A stated preference approach to the choice of financial reporting regimes and techniques

Rights statement
Awarding institution
  • University of Strathclyde
Date of award
  • 2015
Thesis identifier
  • T14112
Person Identifier (Local)
  • 201383868
Qualification Level
Qualification Name
Department, School or Faculty
  • The aim of this thesis is to investigate companies' choices in financial reporting. This research first identifies that regimes and techniques are a firm's two major accounting choices. It then establishes that a two-stage choice model of regimes and techniques is appropriate for choices of this sort. The thesis investigates the nature of regime choices and technique choices and the relationship between them. Furthermore, this study recognises three choice patterns in the two-stage choice model: two types of sequential choices and a nested choice. Lexicographic and colexicographic preference orderings can be used to understand the two sequential decision-making processes. The nested choice can be regarded as a simultaneous process. Interview data shows these forms of choice behaviour. The empirical basis of this study applies a stated preference approach to estimate companies' adoption costs (C) and benefits (B) of accounting modes. Primary source data on net benefits was gathered from companies in the UK and Taiwan by questionnaires and face-to-face interviews. The analysis of this research implies that the stated costs (C) and benefits (B) reflect companies' rationale behind accounting choices. Thus, the usefulness of the stated preference approach for understanding regime and technique choices is established. Using measured stated costs and benefits, this research calibrates firms' net utilities (B-C) and ratio utilities (B/C) arising from adopting a specific regime or technique from the choices available. It is observed that companies' accounting decisions generally follow a rational net-benefit analysis, given free choices. That is, companies typically select that accounting mode which leads to the highest adoption net-utilities. These findings suggest that the cost-benefit analysis, based on stated preferences, helps our understanding of firms' choice behaviour in financial reporting. The results of nonparametric tests also indicate that UK and Taiwanese companies often do not perceive any net benefits from implementing IFRS.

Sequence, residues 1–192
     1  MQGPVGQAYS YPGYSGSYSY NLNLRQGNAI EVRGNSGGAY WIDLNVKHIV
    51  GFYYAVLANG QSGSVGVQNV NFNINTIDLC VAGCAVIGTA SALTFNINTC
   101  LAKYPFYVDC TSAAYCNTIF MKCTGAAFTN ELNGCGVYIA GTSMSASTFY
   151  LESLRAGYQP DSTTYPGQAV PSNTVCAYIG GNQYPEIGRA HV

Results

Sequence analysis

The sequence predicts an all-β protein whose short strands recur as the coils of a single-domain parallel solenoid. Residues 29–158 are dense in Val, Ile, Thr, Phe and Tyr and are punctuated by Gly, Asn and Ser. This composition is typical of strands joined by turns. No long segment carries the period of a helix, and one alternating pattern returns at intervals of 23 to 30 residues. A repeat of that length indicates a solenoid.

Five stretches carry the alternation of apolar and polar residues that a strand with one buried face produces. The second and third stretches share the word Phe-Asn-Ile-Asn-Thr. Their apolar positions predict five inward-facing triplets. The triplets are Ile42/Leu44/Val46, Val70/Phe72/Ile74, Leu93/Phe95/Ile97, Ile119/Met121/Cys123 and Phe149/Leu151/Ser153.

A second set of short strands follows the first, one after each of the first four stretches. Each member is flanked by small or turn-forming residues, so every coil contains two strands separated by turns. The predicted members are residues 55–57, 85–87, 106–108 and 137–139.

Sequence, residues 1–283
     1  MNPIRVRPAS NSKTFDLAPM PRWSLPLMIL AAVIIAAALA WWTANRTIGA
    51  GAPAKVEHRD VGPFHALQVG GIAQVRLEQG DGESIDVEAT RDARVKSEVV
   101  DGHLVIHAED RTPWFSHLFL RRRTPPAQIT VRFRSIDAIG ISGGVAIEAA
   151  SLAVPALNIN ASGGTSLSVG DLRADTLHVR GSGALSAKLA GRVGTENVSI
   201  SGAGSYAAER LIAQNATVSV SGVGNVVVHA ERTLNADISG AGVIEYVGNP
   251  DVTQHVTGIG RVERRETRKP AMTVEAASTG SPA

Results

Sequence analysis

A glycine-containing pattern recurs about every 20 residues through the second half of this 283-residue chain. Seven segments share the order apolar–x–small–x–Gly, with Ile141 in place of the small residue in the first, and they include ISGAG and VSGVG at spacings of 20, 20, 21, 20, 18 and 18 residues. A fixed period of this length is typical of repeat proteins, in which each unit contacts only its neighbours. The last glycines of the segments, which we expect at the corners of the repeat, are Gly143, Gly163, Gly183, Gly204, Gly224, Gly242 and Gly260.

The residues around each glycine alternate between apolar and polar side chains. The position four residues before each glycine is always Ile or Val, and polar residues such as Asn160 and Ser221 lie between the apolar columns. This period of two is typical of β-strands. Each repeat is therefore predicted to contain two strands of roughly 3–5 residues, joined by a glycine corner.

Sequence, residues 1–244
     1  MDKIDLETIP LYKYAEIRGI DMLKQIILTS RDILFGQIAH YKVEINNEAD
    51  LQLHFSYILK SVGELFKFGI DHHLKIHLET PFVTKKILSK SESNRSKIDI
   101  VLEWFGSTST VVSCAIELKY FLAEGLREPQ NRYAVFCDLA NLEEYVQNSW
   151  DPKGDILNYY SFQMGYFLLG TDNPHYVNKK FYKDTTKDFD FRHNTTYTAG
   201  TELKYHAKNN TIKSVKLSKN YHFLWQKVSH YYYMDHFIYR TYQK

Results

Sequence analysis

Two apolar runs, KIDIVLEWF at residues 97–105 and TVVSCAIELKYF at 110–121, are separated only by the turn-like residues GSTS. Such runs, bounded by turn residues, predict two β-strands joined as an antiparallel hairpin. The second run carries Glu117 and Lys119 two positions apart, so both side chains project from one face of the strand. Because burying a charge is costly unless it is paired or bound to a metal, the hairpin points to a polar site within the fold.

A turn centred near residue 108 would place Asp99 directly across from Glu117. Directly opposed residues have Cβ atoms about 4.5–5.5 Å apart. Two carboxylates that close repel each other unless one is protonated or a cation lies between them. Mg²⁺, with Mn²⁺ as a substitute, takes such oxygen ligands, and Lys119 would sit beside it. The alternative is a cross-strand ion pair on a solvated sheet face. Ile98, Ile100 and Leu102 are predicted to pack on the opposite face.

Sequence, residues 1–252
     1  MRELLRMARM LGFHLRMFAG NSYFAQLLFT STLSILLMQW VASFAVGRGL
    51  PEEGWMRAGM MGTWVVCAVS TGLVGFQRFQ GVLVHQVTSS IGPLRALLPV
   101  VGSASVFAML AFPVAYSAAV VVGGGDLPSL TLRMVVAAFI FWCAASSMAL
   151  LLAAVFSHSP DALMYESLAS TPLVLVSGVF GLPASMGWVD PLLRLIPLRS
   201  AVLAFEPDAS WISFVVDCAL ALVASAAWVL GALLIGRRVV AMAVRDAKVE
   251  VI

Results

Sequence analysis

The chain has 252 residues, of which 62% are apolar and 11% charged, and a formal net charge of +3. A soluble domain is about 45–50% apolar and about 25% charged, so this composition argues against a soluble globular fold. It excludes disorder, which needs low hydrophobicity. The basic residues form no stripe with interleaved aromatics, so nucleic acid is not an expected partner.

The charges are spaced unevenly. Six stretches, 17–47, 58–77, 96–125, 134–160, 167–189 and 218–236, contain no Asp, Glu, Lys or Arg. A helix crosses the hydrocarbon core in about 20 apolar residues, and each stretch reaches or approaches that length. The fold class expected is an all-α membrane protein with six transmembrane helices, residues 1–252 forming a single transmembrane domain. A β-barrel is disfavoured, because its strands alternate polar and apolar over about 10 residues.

Resource Type
Date Created
  • 2015
Former identifier
  • 1237415
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